Blossom Thinner Pays Off
As a group of Northern California clingstone peach growers crowded around, Roger Duncan fired up a tractor-mounted string blossom thinner and started in on a row of Ross peaches in an orchard south of Modesto. Duncan, a University of California (UC) farm adviser in Stanislaus County, was clearly pumped up about the possibilities of the Darwin PT 250.
Imported from Germany, the thinner has so far shown to have a huge impact on growers’ bottom lines, said Duncan. In fact, the $16,000 unit may very well pay for itself in just one year of use, he said. What comes as a surprise to many, however, is that the thinner doesn’t just save growers money on thinning costs by reducing the amount of hand labor.
Duncan says that the greatest boon to the grower comes from an increase in gross income because of increased fruit size due to thinning earlier in the season. “The sooner you thin, the less inter-fruit competition you have,” he said. “It’s like the ‘Old Lady In The Shoe.’ If you kick kids out earlier, the remaining kids get bigger.”
For example, in one trial on Loadel and Tuolumne orchards, Duncan said the time required to hand thin was reduced by 27% and 22%, respectively, resulting in cost savings of $386 and $297 per acre. Even better, the yields were increased by 2.8 and 3.0 tons per acre, respectively, resulting in gross income gains of $997 and $954. Add it up and the growers realized net per acre income gains of $1,383 on the Loadel and $1,251 on the Tuolumne orchards.
However, it’s important to note that these impressive results came in a warm, short growing season and generally heavy sets in the test orchards — ideal for a blossom thinner. In addition, the trees were trained to a “V,” not the more traditional vase training system (like the trees in the photo). “When the trees are trained to a ‘V’ you will get a wall of flowers,” he said. “That’s what we think will work the best.”
It’s also important to note that in addition to the training system, the variety selection will have a great impact on results. Because it’s important to thin the early season varieties as early as possible to reduce competition and give the remaining fruit more time to size up, the thinner will work best on them. Growers won’t see such potentially dramatic increases in yields in the varieties harvested late in the season.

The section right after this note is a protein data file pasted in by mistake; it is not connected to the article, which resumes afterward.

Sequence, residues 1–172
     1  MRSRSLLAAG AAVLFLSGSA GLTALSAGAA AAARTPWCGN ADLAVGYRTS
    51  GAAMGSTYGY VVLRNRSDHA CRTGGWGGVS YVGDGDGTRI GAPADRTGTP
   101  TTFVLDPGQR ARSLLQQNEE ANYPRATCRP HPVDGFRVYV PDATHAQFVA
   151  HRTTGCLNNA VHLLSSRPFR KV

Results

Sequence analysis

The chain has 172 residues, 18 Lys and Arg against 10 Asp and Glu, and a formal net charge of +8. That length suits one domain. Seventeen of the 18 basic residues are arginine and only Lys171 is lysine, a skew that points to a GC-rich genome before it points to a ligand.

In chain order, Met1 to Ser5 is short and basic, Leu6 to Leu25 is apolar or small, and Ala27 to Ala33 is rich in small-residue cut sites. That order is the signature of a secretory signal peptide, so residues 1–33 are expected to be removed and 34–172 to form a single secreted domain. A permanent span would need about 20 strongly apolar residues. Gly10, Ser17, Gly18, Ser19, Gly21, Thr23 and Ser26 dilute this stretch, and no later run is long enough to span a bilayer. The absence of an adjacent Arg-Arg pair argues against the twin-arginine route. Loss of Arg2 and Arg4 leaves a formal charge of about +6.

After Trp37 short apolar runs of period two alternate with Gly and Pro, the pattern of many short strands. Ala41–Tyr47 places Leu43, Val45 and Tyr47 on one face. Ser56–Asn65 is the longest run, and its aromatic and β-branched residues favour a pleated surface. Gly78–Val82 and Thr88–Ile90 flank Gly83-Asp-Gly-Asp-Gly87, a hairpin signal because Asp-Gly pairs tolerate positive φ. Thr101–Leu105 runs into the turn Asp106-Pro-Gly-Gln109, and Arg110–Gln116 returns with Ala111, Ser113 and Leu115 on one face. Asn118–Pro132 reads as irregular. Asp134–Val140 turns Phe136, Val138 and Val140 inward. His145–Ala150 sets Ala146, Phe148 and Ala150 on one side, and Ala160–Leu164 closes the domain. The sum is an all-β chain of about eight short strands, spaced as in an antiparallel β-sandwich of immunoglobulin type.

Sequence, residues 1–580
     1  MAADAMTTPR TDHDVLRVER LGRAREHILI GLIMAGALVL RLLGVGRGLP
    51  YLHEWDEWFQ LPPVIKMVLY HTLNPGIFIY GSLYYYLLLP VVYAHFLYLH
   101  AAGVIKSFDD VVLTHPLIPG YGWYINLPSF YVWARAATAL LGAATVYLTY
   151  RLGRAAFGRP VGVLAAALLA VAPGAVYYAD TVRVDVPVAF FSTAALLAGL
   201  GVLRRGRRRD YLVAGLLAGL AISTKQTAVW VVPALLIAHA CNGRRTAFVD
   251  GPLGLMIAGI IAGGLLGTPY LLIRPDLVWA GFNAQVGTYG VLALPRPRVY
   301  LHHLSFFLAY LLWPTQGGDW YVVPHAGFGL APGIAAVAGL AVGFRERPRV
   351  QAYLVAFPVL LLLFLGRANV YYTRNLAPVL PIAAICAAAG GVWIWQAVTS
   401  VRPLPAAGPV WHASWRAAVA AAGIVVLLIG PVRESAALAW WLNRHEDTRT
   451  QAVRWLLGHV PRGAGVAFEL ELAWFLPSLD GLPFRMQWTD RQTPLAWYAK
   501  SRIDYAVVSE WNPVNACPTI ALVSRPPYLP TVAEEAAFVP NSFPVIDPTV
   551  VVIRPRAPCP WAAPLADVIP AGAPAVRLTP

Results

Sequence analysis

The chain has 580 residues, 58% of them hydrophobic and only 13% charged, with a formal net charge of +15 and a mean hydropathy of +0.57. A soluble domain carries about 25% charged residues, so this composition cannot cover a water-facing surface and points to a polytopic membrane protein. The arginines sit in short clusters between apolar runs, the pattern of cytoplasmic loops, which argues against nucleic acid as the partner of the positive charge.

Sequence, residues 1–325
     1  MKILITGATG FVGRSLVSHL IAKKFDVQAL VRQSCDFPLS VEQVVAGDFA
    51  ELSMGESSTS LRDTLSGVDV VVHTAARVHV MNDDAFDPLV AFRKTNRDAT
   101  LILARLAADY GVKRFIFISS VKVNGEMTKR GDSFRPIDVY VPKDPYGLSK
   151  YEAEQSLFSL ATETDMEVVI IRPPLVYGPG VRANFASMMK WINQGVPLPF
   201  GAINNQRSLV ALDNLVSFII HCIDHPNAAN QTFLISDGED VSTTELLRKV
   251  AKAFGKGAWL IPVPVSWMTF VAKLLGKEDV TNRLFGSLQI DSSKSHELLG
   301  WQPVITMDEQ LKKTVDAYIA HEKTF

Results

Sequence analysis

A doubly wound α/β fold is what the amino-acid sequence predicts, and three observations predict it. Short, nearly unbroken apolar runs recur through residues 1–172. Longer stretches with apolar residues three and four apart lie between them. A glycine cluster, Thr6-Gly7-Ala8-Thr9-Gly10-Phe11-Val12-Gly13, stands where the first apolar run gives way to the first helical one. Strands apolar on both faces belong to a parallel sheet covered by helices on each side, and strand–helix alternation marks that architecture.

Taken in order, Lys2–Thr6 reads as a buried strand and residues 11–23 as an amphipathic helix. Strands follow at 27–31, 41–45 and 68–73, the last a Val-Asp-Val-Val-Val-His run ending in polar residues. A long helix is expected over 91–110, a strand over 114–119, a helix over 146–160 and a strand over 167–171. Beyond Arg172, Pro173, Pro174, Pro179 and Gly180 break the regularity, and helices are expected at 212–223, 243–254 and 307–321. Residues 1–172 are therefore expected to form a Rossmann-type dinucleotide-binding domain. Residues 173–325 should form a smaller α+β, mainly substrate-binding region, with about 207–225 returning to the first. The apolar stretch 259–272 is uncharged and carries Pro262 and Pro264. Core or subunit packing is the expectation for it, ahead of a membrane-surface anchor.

There can also be a wide variation in how the unit itself is employed. It has 24-inch rubber cords attached in columns along a 10-foot boom. You can add additional strings, and it stands to reason that the more strings you have, the more thinning you will do. In addition, the more strings you have, the fewer revolutions per minute you will need to get the same amount of thinning.
Ordinarily, growers will run the Darwin in the range of 175 to 225 rpm, moving through the orchard at about 1.5 miles per hour. Depending on the variety, the training system, the stage of bloom, as well as a host of other factors, growers will want to adjust their approach accordingly, said Maxwell Norton, who is Duncan’s UCCE counterpart in Merced County. “For instance, if the blossoms are coming off easily, you can turn it down, but if they’re not coming off as easily, you can turn it up,” he says. “You can tweak it in several different ways.”
Unfortunately, during this March demonstration, the Darwin was stuck on its maximum speed of 350 rpm. Duncan had to halt the demonstration almost immediately for fear he might do a number on grower Chuck Voss’s trees. But the growers on hand seemed undeterred by the glitch, in part because of testimonials from growers such Paul Van Konynenburg, who farms west of Modesto. Van Konynenburg said he bought a unit prior to last season, and it paid for itself in the 2010 crop year. “Now I’m doing all my Loadel and Tuolumne (blocks) with it,” he said, adding that he was doing checks on other varieties.